Saturated buffers a new tool to improve water quality


Nick Meier takes a proactive approach to protecting water quality and reducing soil loss on his farm near La Porte City in Black Hawk County.

Use of cover crops continues to grow on Iowa farms


Cover crops are one of the fastest-growing conservation practices in Iowa as farmers pursue the environmental, and hopefully economic, gains of having plants growing in their farm fields year round.

Prairie strips show promise as effective conservation tool


Prairie strips placed strategically within Iowa fields are providing impressive results to help row-crop farms reduce nutrient loss.

Crop timing, not fertilizer overuse, reason for nitrate losses


The primary cause of nitrate loss into Iowa’s surface water is bare soils during periods when crops aren’t growing and not because of a misapplication of fertilizer by farmers, Iowa agronomists and soil scientists said.

Dial builds a legacy of caring for soil and water


When Dwight Dial of Lake City began no-tilling in the 1980s, he wasn’t deterred by the comments of other farmers who weren’t impressed with this farming method. “‘I’d quit farming before I’d become a trash farmer’ is how they put it,” said Dial, who grows 700 acres of soybeans and corn in southwestern Calhoun County.

With a wide range of conservation practices, Russell is dedicated to environmental gains


By applying conservation practices such as wind turbines, solar panels and manure management, Jason Russell has helped his family farm pave the way in conservation and water quality.

Conservation work second nature for farmer


Bryan Mowrer of Guthrie County is a farmer who goes to sleep at night dreaming of terraces, who enjoys experimenting with cover crops, who can barely remember when they tilled the ground. And, as he emphasizes, he is not alone.

Farmers, Iowa Communities Collaborate to Protect Water (1)


A growing number of Iowa communities - of all sizes and from every corner of the state - are working with local farmers to improve the quality of their drinking water sources. That collaboration, according to municipal and state regulatory officials, is helping communities meet federal standards for nitrogen, phosphorus and other nutrients, hold down costs and build stronger and lasting relationships with farmers in their areas.

They said it. 8 experts who say Iowa’s water quality is heading in the right direction


It’s hard to know who to believe regarding Iowa’s water quality, and a recently filed lawsuit only clouds the conversation.What’s clear is that many state and federal officials believe Iowans’ collaborative...

Three Watershed Demonstration Projects Selected to Receive Water Quality Initiative Funding


Iowa Secretary of Agriculture Bill Northey today announced that three additional watershed demonstration projects have been selected to receive $1.4 million in funding through the Iowa water quality initiative over the next three years.

Funds available for expanding use of innovative water quality practices


Iowa Secretary of Agriculture Bill Northey today announced funds are available for projects focused on implementing and demonstrating innovative delivery of practices to protect water quality.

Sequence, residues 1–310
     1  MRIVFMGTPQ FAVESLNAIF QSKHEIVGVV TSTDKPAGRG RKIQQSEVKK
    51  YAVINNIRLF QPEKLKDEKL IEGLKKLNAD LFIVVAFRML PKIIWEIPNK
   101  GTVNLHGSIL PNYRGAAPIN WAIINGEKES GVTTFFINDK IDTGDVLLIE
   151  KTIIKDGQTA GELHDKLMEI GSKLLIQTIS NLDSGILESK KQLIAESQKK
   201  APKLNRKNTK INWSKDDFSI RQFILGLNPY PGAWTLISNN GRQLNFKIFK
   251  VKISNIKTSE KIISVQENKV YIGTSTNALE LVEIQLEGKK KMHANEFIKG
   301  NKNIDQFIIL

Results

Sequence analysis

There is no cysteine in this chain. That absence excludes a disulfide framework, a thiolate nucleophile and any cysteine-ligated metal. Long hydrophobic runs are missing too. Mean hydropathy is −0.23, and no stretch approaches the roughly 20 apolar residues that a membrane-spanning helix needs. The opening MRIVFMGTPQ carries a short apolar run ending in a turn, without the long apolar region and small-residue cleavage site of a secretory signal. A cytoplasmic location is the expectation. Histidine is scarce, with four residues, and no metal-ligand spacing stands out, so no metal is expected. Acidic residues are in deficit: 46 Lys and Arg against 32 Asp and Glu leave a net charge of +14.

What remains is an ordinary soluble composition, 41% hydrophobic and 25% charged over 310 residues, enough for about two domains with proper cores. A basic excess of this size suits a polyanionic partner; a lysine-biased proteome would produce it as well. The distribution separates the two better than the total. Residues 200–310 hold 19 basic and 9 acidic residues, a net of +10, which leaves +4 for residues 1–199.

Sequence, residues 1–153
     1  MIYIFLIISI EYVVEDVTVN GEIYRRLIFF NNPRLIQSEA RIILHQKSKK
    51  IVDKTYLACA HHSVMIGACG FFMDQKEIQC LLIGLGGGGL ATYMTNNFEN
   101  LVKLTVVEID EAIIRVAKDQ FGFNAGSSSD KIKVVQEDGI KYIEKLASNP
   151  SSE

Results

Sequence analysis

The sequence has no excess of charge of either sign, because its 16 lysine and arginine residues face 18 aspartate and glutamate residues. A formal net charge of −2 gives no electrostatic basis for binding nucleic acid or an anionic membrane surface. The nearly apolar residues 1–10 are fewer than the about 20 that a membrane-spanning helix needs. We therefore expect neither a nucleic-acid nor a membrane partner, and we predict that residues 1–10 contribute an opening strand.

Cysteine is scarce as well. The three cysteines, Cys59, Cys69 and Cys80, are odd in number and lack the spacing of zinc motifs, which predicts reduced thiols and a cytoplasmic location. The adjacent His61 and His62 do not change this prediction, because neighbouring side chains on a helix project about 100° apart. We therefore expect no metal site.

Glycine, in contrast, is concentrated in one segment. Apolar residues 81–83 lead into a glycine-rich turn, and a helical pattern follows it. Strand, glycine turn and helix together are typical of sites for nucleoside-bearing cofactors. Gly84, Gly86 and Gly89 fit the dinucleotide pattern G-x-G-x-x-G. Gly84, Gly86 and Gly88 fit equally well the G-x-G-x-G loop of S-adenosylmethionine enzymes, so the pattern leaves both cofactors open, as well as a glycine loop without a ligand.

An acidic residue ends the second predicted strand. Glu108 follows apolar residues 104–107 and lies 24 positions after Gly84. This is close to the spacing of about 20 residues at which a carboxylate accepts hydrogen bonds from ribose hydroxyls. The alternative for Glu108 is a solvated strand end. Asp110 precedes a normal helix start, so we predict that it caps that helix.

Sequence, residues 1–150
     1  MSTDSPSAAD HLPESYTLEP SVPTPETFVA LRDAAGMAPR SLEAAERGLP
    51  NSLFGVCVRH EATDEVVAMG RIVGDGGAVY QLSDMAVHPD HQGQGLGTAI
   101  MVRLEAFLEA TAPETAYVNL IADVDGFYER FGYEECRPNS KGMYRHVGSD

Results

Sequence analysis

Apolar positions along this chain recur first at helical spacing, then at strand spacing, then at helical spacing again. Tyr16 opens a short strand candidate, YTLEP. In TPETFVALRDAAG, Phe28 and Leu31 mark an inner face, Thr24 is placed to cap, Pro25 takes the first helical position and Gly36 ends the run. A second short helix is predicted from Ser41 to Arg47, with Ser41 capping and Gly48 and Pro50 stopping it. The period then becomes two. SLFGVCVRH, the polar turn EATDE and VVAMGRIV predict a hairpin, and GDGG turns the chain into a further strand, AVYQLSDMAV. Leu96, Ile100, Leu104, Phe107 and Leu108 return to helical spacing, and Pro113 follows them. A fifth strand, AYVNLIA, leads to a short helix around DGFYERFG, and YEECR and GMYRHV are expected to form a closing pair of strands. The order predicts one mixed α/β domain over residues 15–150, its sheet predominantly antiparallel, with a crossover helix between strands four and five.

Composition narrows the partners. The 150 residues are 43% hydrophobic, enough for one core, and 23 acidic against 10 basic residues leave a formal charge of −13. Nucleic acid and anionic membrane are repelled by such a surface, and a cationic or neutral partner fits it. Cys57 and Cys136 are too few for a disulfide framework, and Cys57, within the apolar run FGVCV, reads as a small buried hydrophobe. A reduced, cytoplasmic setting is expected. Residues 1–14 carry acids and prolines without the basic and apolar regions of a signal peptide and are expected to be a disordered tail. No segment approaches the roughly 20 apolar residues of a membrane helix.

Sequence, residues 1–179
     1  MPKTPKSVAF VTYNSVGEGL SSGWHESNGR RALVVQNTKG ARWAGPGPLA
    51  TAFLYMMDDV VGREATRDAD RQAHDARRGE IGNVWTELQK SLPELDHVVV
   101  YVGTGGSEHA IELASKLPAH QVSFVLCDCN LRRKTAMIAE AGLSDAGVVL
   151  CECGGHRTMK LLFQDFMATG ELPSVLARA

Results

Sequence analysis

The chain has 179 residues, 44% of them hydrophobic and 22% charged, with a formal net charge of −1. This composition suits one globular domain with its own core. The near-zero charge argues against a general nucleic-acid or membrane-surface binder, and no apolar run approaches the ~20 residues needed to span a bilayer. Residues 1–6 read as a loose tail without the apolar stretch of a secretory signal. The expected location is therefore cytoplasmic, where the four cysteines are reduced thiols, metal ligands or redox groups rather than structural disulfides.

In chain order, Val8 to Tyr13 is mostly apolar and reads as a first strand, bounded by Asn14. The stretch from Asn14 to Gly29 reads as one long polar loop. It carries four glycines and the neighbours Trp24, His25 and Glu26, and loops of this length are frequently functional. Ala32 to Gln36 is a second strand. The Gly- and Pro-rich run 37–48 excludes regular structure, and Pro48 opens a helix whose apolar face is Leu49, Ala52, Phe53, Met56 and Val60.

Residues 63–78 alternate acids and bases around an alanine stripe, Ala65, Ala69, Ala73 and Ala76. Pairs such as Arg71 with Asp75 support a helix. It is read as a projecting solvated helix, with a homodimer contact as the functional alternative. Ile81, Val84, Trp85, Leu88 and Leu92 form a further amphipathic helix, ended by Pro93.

Survey: Farmers more aware of Nutrient Reduction Strategy, increasing conservation efforts


Farmer awareness of the Iowa Nutrient Reduction Strategy nearly doubled during the past year according to a statewide survey of more than 350 farmers funded by the soybean checkoff.

Northey, Iowa Water Quality Initiative honored with national environmental award


Iowa Secretary of Agriculture Bill Northey became the first state Secretary of Agriculture to receive a National Association of Clean Water Agencies (NACWA) National Environmental Achievement Award for excellence in Public Service, for his leadership in establishing and growing the Iowa Water Quality Initiative (also known as the Iowa Nutrient Reduction Strategy).

Young farmers talk conservation


Alicia Schmitt discusses conservation practices she and husband Greg have brought to their family's farm.More than 500 young Iowans, the largest attendance on record, gathered in Des Moines recently for...

Northey: Voluntary water quality effort far superior to regulation


The lawsuit that the Des Moines Water Works (DMWW) has threatened to file against three northwest Iowa counties has sparked a heated debate in the state around the merits of a voluntary system to improve water quality versus a government-driven regulatory system.

Sioux City Journal Editorial: Let’s pursue water quality in Iowa without lawsuits


The Sioux City Journal has expressed its hope that litigation can be avoided in the dispute between Des Moines Water Works and three rural Iowa counties over nitrates in water.

Agriculture groups, urban water works collaborate on key water quality project


The city of Cedar Rapids partnered with multiple agriculture commodity groups Jan. 14 as $2 million in Natural Resources Conservation Service (NRCS) funding was approved for water-quality improvement projects in the Middle Cedar River.

4 things Iowans should know about protecting water


We’ve seen this scenario before. A discouraged player points a finger at teammates, demands a trade, criticizes fans or calls for a new coach.And while we, as fans, can certainly relate to the player’s...

Vilsack touts voluntary conservation efforts


Farmers’ growing participation in voluntary conservation programs is improving water quality and reducing soil erosion in Iowa and other states and that success story needs to be spotlighted to the general public